...set in 1950s New York. At the Edge of the Wood was purchased by a merchant named de Groot and  has remained in that family for over 300 years. Current owner Marty de Groot is a successful lawyer in addition to having considerable inherited wealth, but suffers from anomie until he discovers his family heirloom has been stolen and replaced with a skillful forgery. He finds out the forgery is the work of Ellie Shipley, a young art history doctoral student whose dissertation is floundering. Under an assumed name, he first hires her, then courts her, plotting a terrible revenge.

Third storyline: Sydney, Australia, the year 2000, and Ellie Shipley, now an eminent art historian for her work on women artists of the Dutch Golden Age, is organizing a major exhibit, and finds out two copies of de Vos's most famous painting, the original and her youthful forgery, are on their way to Sydney. Marty de Groot is still alive and is bringing his painting (is it the original or the ]forgery?) himself. Questions will inevitably be asked. Will she be exposed and disgraced?

Smith obviously did a lot of research for Story Line One, but what with all the details about food and furniture and guild rules and tulips, it feels a little too worked-up. There is more attention to the background than to Sara, who remains two-dimensional.

The Marty-Ellie agon was compelling, though. Their relationship is born in a cloud of dishonesty, dissimulation, betrayal, and corruption, but nonetheless has something genuine in it, something they both badly need: the jolt that would get them out of their respective ruts.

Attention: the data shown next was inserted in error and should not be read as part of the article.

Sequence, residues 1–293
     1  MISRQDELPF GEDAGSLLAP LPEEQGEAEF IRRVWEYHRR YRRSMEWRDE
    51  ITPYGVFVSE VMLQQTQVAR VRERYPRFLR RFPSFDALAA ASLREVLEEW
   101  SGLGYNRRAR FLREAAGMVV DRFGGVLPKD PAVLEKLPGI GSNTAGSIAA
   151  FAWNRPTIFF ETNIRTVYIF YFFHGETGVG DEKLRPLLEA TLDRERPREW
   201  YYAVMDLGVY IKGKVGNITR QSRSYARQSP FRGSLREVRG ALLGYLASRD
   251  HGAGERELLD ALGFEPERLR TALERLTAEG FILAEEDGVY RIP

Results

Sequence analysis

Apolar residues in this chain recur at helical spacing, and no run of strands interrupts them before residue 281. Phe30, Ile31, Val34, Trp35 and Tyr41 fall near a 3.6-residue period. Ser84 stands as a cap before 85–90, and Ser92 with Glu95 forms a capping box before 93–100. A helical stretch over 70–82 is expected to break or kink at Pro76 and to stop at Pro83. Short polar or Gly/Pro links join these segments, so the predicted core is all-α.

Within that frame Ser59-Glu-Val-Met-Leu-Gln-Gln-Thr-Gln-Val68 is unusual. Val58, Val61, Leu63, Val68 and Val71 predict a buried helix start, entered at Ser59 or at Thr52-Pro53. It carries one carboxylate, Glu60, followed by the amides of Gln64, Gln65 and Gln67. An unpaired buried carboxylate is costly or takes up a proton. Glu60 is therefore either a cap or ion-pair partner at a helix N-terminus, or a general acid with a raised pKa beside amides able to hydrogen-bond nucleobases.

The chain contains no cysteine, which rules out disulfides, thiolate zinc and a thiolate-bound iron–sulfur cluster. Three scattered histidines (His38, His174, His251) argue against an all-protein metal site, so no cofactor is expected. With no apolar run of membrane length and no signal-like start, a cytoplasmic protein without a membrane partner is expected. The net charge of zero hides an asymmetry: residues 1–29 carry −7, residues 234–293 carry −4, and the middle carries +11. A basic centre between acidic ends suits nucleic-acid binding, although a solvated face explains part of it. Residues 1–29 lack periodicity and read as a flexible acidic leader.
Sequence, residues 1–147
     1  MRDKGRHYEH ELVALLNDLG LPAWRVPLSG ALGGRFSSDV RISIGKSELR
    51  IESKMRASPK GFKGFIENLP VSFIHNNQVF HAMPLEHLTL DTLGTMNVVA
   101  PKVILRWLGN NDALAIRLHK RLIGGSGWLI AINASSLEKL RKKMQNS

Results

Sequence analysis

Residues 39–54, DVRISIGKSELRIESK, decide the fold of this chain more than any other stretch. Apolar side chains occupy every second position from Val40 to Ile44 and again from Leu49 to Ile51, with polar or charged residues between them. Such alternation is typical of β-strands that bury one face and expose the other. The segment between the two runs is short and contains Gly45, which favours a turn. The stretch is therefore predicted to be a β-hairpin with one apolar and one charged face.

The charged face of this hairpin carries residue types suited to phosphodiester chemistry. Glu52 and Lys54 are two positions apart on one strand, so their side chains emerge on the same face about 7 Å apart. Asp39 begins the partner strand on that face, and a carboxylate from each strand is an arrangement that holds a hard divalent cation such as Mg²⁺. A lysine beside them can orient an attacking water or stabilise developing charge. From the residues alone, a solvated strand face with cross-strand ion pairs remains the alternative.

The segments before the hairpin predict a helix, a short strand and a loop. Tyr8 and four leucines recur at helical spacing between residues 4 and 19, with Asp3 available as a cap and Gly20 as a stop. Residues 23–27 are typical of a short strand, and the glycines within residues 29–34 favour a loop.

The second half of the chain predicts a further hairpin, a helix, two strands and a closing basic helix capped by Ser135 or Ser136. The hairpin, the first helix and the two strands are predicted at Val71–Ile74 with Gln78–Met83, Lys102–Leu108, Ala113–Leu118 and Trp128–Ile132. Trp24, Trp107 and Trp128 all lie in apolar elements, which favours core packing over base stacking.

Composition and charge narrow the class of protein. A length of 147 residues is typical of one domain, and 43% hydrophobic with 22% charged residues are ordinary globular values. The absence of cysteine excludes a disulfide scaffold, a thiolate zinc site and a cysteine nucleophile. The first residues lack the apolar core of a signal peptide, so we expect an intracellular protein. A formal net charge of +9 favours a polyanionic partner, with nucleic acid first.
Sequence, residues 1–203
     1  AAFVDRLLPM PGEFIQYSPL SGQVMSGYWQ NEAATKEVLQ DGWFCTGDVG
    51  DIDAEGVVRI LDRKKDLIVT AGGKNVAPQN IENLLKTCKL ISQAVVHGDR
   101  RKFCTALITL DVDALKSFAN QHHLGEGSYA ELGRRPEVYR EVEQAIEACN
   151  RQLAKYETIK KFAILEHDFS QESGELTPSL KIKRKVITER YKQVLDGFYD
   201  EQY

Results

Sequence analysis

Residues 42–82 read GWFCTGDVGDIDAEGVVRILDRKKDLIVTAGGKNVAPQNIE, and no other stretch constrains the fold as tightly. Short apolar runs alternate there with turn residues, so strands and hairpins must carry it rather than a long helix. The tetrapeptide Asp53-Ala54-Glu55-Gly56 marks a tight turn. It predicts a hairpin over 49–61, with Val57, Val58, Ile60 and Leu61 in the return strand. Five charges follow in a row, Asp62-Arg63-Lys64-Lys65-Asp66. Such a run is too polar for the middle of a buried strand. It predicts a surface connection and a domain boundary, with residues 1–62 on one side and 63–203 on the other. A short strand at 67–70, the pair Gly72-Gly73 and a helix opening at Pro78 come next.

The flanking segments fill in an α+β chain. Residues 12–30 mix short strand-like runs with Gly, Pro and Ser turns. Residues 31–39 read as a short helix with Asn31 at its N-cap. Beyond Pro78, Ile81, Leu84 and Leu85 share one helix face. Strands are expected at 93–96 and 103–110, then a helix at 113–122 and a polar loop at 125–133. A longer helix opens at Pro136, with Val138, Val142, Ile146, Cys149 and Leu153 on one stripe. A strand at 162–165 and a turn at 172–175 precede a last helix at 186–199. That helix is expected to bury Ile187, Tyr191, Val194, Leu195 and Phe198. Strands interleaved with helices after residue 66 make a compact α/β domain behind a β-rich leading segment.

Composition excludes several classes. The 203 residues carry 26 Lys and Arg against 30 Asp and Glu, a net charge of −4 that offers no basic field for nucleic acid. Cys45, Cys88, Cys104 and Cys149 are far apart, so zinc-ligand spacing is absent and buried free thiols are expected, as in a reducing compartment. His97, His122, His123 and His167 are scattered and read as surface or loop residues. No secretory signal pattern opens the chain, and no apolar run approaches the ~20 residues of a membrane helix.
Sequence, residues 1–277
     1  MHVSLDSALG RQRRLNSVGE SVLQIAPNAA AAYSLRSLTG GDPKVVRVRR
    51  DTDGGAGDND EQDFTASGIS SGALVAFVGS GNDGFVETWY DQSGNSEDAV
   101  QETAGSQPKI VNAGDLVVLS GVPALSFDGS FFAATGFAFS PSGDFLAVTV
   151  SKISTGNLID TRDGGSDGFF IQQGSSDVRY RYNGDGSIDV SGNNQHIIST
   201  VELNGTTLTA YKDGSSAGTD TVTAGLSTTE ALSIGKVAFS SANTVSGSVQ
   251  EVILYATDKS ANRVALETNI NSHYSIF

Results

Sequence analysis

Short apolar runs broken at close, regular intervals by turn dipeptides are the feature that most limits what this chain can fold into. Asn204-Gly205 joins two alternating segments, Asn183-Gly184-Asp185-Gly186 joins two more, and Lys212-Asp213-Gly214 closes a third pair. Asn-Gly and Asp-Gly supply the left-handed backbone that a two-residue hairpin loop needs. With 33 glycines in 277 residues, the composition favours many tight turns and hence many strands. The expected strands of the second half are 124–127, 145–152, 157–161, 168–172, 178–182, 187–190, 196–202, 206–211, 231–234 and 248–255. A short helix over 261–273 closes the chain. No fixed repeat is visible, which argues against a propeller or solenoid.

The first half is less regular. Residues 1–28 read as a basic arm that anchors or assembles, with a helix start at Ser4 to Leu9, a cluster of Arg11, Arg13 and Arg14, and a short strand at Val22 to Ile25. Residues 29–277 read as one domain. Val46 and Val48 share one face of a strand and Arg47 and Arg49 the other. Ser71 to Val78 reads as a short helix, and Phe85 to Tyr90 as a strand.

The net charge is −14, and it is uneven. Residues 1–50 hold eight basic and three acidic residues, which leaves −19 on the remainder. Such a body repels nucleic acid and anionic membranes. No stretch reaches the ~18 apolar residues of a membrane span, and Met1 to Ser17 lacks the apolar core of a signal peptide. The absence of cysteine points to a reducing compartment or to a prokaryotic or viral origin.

Sunday, June 17, 2018

Lucie Brock-Broido, _Trouble in Mind_

IF I WAS asked to recommend a Brock-Broido volume, I would probably go with The Master Letters, a bravura performance that shows her range and ambition. I have been wondering, though, whether Stay, Illusion might be her best, really, confident of its power, a foundation-trembling Bach organ performance. My favorite, even so, is this one.

It's intriguing, for one thing. Why the cover with a detail of the same painting that she used for the cover of her first book? Why the title reference to a famous old blues song? (Brock-Broido's cultural reference points tended to skew high rather than popular.)

For another thing, it's intense. "I" occurs in almost every poem, and the "I" has a coherence and consistency over the book that feels confessional even though nothing very specific is revealed. The second person comes up, too, in some very arresting ways: